Making a fireplace


I have it in mind to make a fireplace surround/mantle. I've been looking at different woods and black walnut seems a good prospect, perhaps with some accents/trim in a lighter wood like chestnut or oak. (I toyed with zebrano for a while but that's just TOO quirky!)
The fireplace is non-functional so heat shouldn't be a concern. But does anyone have any views on working with walnut or its properties from a finishing or stability standpoint?
FoggyTown
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foggytown wrote:

Walnut is one of the premier U.S. furniture hardwoods. It's stable when dry, finishes exceptionally well (may need slight pore filling), glues well, works beautifully.
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Walnut is a great wood. Very stable & pretty. I was at a luncheon at the Engineer's Club in Baltimore a year or two ago & they have a room all done in Walnut paneling with a fireplace. Absolutely gorgeous. It's common at the local mills around here so I've used it most of my life. I do recommend a dust mask with it. I've noticed that my sinuses are getting pretty sensitive to it & you can't use the sawdust for horse bedding. Fairly toxic stuff in it.
Jim
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Walnut, even the American walnut, is one of the top end timbers to use, with a pricetag to match. It also has historical connotations of fine furniture, rather than house trim.
You could certainly use it. It'll work, it has no bad habits and it's lovely stuff to work with - particularly if you're thinking of mouldings or carvings. However it'll cost you serious money. IMHO, walnut is a timber one shouldn't dive straight into unless your skills are at the stage where you _know_ you can make a good job of any project you take on, not just improve as you do them.
There's also the finished product. It may well look a little "overdressed" for many rooms. Personally I'd be using oak, which gives a lovely finish on mantelpieces when flat sawn and ammonia fumed.
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Thanks for the responses. I just had a notion that walnut would make an interesting choice for a surround. My wife wants a dark wood and teak, oak and mahogany etc are overdone. If anyone has any recommendations I'd be happy to know them. Maybe purpleheart if I can convince her to change the color scheme of the entire room! (Nah!)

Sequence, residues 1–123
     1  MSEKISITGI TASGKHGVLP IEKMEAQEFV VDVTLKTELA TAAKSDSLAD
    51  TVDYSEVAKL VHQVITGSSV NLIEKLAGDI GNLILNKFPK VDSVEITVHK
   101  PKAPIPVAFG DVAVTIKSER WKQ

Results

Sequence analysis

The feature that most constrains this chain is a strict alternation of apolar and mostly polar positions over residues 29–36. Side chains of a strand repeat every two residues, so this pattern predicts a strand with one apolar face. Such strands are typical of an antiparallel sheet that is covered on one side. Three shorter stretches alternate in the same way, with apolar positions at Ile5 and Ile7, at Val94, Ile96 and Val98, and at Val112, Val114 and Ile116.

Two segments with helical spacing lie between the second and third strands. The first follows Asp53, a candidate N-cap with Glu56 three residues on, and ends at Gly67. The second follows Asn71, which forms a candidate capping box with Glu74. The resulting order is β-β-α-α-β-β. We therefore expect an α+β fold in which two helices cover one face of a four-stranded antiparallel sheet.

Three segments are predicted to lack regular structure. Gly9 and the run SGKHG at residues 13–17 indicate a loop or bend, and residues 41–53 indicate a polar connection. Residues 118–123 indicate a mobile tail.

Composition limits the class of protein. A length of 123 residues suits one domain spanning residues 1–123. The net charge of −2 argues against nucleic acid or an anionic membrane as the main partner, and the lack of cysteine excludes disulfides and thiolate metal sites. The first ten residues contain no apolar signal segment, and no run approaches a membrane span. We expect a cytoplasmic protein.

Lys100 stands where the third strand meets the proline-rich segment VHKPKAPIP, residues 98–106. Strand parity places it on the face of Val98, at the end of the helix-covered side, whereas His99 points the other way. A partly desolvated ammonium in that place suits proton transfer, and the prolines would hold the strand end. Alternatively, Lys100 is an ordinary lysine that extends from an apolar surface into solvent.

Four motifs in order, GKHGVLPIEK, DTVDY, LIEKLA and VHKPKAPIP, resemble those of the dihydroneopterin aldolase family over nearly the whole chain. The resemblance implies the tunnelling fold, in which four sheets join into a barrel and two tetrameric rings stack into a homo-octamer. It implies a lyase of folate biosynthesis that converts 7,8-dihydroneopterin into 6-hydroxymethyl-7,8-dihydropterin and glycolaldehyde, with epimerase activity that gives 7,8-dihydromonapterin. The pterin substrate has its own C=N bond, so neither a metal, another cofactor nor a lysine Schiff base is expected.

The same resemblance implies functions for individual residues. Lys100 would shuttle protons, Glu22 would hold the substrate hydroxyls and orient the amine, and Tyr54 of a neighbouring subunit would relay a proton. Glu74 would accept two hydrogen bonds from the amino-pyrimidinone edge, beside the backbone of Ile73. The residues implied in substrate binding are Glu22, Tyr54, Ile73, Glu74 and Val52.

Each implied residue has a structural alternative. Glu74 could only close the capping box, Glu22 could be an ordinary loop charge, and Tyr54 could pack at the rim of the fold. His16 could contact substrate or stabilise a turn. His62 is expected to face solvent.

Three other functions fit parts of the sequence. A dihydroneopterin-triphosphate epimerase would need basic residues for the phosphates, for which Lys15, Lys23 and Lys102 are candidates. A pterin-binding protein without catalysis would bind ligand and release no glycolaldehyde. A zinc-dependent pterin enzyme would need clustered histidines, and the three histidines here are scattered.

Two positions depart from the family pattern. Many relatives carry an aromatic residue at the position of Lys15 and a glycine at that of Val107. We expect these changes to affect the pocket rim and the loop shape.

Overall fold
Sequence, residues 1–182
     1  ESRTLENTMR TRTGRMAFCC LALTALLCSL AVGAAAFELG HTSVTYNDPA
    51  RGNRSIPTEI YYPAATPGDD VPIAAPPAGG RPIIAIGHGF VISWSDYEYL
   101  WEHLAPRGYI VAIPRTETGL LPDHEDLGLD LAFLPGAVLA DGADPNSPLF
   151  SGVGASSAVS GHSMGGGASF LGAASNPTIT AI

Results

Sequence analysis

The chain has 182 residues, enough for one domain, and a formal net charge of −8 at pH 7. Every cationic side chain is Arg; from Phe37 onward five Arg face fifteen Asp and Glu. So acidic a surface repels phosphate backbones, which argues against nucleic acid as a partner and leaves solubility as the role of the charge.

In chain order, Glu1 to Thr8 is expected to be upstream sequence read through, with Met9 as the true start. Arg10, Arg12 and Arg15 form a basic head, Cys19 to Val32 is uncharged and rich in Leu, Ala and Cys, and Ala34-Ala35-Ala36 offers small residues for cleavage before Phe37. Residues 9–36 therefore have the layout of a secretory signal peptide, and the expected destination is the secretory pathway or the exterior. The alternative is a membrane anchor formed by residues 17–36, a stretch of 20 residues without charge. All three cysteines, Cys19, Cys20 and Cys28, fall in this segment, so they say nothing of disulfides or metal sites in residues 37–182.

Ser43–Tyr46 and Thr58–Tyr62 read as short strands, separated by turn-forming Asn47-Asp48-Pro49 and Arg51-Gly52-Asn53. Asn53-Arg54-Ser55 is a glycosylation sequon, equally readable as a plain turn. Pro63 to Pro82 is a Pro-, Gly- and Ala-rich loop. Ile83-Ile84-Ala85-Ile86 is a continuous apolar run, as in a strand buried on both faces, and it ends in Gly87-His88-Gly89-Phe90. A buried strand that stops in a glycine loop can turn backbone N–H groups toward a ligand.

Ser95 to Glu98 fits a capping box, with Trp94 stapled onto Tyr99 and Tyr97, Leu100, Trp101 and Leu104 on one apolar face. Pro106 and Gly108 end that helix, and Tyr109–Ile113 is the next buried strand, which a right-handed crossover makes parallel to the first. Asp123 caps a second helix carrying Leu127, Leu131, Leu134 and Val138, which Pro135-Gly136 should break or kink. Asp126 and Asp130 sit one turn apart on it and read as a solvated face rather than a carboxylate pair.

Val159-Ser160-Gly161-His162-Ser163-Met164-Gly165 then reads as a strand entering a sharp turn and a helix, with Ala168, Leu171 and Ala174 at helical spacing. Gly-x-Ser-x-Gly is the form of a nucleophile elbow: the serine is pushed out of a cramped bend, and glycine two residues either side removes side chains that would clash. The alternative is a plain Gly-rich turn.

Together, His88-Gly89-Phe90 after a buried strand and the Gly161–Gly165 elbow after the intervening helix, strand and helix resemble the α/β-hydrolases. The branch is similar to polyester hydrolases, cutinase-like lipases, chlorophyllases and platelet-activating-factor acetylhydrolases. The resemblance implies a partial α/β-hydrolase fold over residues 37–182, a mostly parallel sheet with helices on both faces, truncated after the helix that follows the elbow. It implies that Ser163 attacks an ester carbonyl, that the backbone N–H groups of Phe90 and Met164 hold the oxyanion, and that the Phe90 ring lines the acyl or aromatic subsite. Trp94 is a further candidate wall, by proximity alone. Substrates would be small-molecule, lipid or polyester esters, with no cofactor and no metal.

FoggyTown
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Walnut is an absolute pleasure to work with. I'm a beginning "woodie" but have spent time making gunstocks from walnut blanks and semi-inletted stocks. If you want to see what wlanut can look like, I put a few pics at
http://web2.airmail.net/xleanone/index.html/Gunstock.htm
Maybe I'll learn to build stuff too!
Regards.
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Nice work on the gunstock! What kind of oil finish did you used? I worked with walnut on the previous project. But if I use clear finish on it, the tone would be too "cool". I have to add a tint of red dye to it to warm it up a bit. Do you have to do that?
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wrote:

Thanks for the compliment.
The oil finish I used is a commercial finish made for gunstocks called Pilkington's Classic. It can be ordered from Brownells and a few other specialty suppliers. This stock was done with the "Red Brown" finish, so I assume it has some red dye in it. I know that the "Gold & Brown" version is much cooler, leaving walnut almost an aged maple colour. The red die, in my mind, highlights really nice grain patterns in high grade walnut (this stock is Grade 4, one step beloe Exhibition Grade), while the yellow makes less attractive wood sort of soothing - the eye doesn't pick up on the less than striking grain patterns as quickly.
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